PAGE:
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Wambach leads by example

HERAKLIO, Greece -- When most of the Fab Five of the U.S. Women's National Team finally hang up their competitive soccer boots for the final time after the Olympics, there certainly will be no shortage of candidates to become team leaders.

Midfielder Kristine Lilly, one of those five, plans to stay on and her experience as the most capped player on this planet certainly will be a boost to her younger teammates.

Then there's 24-year-old Abby Wambach. She certainly looks the part on the field -- an intimidating 5-11 and 161 pounds -- and just as importantly, sounds the part. Moreover, she has put her money where her mouth is, with one of the best strike rates in National Team history (29 goals in only 41 games).

She made it an eye-opening 15 goals in her last 16 international apperances on Wednesday night, scoring the second goal - a nicely placed eight-yard header in the United States' 3-0 win over Greece.

"It's not our best performance by any stretch, but it's the first game of the Olympics and we had to get the kinks out," she said.

Wambach unwittingly has found herself in the middle of a simmering controversy after she was awarded a yellow card for fouling Greek defender Kalliopi Stratakis in the 49th minute.

The U.S. wasn't protesting that, but rather the fact it has to play three first-round games due to the unbalanced group situation. The Americans are in Group G, which has four teams apiece, while Group E and F have three teams each. That means the Group G teams have another game in which to incur yellow cards. Two yellows in the opening round means a player must miss a match.

U.S. coach April Heinrichs rightfully called it a "competitive disadvantage." Before the tournament Heinrichs asked FIFA to rectify the situation, but nothing has been done.

Heinrichs has several options: Play Wambach against Brazil on Saturday and rest her vs. Australia on Tuesday; have Wambach get a yellow vs. the South American side, so she would miss the match vs. the weaker Aussies or roll the dice and have her play through.

Wambach? She just wants to play, no matter what the situation.

Her attitude is the key to her performance and potential leadership roles.

"At this level you have to exude a certain level of confidence in yourself, even if you make many mistakes," she said. "You have to know that somehow you're going to get better. I feel confident that if I get put on the field I'll do everything I can for my team and I will play as hard as I can for my team. Because if I don't, I'm not doing my job. And, if I have to look at my teammates in their eyes and have them see me in that light, I'd quit.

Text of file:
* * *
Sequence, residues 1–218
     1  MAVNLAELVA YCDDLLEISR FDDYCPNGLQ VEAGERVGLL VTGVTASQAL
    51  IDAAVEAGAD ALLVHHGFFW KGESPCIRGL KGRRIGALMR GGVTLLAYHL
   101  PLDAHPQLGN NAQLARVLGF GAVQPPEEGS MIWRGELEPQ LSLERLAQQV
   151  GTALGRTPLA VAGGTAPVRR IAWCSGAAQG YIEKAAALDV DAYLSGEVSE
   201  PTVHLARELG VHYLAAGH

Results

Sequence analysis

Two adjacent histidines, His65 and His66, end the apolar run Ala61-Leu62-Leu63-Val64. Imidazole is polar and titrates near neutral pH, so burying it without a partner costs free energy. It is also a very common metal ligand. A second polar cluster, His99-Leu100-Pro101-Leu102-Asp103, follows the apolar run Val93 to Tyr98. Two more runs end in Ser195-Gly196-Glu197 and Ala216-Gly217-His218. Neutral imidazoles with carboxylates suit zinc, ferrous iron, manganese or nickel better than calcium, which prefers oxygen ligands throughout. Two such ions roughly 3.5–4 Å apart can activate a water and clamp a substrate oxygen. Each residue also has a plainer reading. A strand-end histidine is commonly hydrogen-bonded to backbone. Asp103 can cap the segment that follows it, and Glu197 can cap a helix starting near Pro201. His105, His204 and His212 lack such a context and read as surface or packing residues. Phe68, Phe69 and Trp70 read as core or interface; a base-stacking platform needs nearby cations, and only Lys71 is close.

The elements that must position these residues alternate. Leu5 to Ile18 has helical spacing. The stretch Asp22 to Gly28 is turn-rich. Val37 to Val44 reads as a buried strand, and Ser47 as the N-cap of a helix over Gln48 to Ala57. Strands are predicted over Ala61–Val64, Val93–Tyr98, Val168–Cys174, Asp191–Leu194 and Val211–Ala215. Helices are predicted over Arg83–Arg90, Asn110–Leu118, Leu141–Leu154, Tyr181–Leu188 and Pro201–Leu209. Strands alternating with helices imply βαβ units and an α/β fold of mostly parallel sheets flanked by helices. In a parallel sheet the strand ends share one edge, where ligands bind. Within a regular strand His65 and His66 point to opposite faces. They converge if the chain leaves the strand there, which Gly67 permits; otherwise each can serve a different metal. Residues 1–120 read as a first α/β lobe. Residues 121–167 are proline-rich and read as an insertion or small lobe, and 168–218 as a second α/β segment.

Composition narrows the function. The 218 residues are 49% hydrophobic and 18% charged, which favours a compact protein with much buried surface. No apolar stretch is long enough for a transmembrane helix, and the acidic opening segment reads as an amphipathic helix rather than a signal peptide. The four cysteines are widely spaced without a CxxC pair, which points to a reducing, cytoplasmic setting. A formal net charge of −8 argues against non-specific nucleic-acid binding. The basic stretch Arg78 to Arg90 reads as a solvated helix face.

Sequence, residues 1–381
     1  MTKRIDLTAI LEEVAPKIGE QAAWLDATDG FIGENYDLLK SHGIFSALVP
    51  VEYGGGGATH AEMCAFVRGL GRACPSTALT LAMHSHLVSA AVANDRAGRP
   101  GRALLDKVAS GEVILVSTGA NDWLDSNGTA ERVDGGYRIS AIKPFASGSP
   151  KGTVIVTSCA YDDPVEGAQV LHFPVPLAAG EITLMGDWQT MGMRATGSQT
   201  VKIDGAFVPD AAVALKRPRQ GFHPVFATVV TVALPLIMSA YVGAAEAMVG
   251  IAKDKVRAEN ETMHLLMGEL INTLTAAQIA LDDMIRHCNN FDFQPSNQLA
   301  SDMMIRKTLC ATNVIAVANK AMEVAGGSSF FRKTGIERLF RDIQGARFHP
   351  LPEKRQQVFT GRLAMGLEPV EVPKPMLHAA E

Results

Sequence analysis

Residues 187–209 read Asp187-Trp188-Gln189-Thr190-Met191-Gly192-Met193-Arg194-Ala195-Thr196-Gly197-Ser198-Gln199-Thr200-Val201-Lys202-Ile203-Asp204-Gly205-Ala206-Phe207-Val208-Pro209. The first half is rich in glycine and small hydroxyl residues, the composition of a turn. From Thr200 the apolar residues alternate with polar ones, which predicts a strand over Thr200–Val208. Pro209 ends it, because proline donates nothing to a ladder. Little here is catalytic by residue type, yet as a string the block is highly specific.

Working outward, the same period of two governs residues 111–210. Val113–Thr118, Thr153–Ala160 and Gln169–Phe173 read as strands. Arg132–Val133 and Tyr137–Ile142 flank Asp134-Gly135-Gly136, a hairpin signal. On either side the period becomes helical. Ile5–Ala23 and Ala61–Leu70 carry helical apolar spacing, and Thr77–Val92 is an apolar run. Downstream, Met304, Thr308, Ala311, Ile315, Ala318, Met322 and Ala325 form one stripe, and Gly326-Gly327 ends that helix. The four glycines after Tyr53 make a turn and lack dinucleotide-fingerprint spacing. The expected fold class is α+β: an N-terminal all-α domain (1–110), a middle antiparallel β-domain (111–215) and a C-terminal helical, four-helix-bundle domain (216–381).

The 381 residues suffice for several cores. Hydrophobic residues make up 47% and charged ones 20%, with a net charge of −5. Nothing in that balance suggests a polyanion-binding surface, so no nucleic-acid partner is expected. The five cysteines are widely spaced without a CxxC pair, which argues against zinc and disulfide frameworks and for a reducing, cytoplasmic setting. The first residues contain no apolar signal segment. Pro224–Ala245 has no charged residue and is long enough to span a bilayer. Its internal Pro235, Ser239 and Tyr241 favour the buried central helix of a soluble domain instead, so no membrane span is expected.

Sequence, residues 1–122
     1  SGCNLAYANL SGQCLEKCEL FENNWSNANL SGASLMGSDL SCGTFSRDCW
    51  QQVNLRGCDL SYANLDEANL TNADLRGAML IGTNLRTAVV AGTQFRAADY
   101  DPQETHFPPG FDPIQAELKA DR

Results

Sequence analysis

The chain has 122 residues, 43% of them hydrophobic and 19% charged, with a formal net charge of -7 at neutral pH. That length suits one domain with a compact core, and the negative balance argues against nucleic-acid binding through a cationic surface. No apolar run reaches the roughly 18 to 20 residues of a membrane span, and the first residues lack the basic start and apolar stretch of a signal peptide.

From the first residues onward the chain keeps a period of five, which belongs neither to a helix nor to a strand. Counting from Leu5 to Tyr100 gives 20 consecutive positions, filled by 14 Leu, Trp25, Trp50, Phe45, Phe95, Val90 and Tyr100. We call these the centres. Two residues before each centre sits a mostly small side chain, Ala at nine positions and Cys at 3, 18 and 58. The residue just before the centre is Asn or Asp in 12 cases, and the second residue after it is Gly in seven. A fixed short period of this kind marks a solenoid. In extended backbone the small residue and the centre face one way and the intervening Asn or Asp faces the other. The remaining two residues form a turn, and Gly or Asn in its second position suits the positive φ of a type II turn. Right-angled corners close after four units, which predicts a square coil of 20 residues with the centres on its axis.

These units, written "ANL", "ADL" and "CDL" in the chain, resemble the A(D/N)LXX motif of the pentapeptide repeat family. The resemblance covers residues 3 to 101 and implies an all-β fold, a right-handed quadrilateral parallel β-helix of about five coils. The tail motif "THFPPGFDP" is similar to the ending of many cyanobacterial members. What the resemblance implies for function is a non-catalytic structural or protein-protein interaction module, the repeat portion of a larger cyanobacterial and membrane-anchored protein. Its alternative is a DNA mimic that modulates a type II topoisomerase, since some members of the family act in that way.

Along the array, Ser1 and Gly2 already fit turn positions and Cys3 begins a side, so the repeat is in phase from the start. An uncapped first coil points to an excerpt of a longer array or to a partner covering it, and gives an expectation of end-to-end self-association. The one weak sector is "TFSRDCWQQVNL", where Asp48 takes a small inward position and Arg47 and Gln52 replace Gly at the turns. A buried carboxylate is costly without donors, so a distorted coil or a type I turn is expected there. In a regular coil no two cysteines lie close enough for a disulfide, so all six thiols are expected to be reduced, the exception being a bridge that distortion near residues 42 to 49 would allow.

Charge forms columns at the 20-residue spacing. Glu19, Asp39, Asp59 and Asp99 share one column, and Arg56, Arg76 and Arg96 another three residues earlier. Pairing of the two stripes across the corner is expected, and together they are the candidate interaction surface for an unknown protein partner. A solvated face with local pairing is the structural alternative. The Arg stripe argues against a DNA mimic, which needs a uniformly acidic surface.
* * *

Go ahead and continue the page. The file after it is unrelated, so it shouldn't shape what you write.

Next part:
"I would never want to walk off the field knowing that my teammates thought I didn't work hard enough. That is the one thing I can control. I can't control if I score goals. I can't control if I play well or if I have a good touch on the first ball. But I can control how hard I work, and that's a big part of my game. That's confidence."

Sounds like someone who is ready to take the torch from this generation and be a team leader.

"The greatest challenge for us is to keep the standard set as high as the ones that are going to be leave behind," Wambach said. "They have made this team exactly what it is by their work ethic and their love for the game both on and off the field. If we can incorporate some of those things in the next five, 10 and hopefully beyond, years, I think we'll be successful."

When the Rochester, N.Y. native joined the team in 2001, Wambach said she wasn't intimidated by its stars and legends - Mia Hamm, Julie Foudy, Brandy Chastain, Joy Fawcett and Lilly.

"I was very respectful of what they had done and what they were going to do," she said. "Their careers are so vast. They've done so many different things. Mia -- she's the face. Lil -- she's the engine. She just doesn't stop. I don't think she's going to retire after these Olympics, which is even more amazing. She's the most capped player in the world. Julie is the heart of the 91ers. Brandi -- she's the sewer. She's the seamstress."

Wambach laughed.

"She just recently got into sewing," she added. "Brandi's the brains. She has pontificated and has the mental aspect of the game. Altogether they have combined into one incredible product we have all seen on the field the past several years."

Wambach realizes that she won't be around the likes of the Fab Five much longer. So, she has taken advantage every time she is around those veterans.

"Oh man, every time they talk on the soccer field, I'm listening," she said. "I just want to absorb as much information from them as I possibly can. If I don't, I'll be cheating myself and the rest of the future of this team. I want to learn from them as much as I can. Specifically, I can't point one thing out more so than the next. I think (it's) the tradition of the whole team and if you have that down, and you get it, and you'll be successful."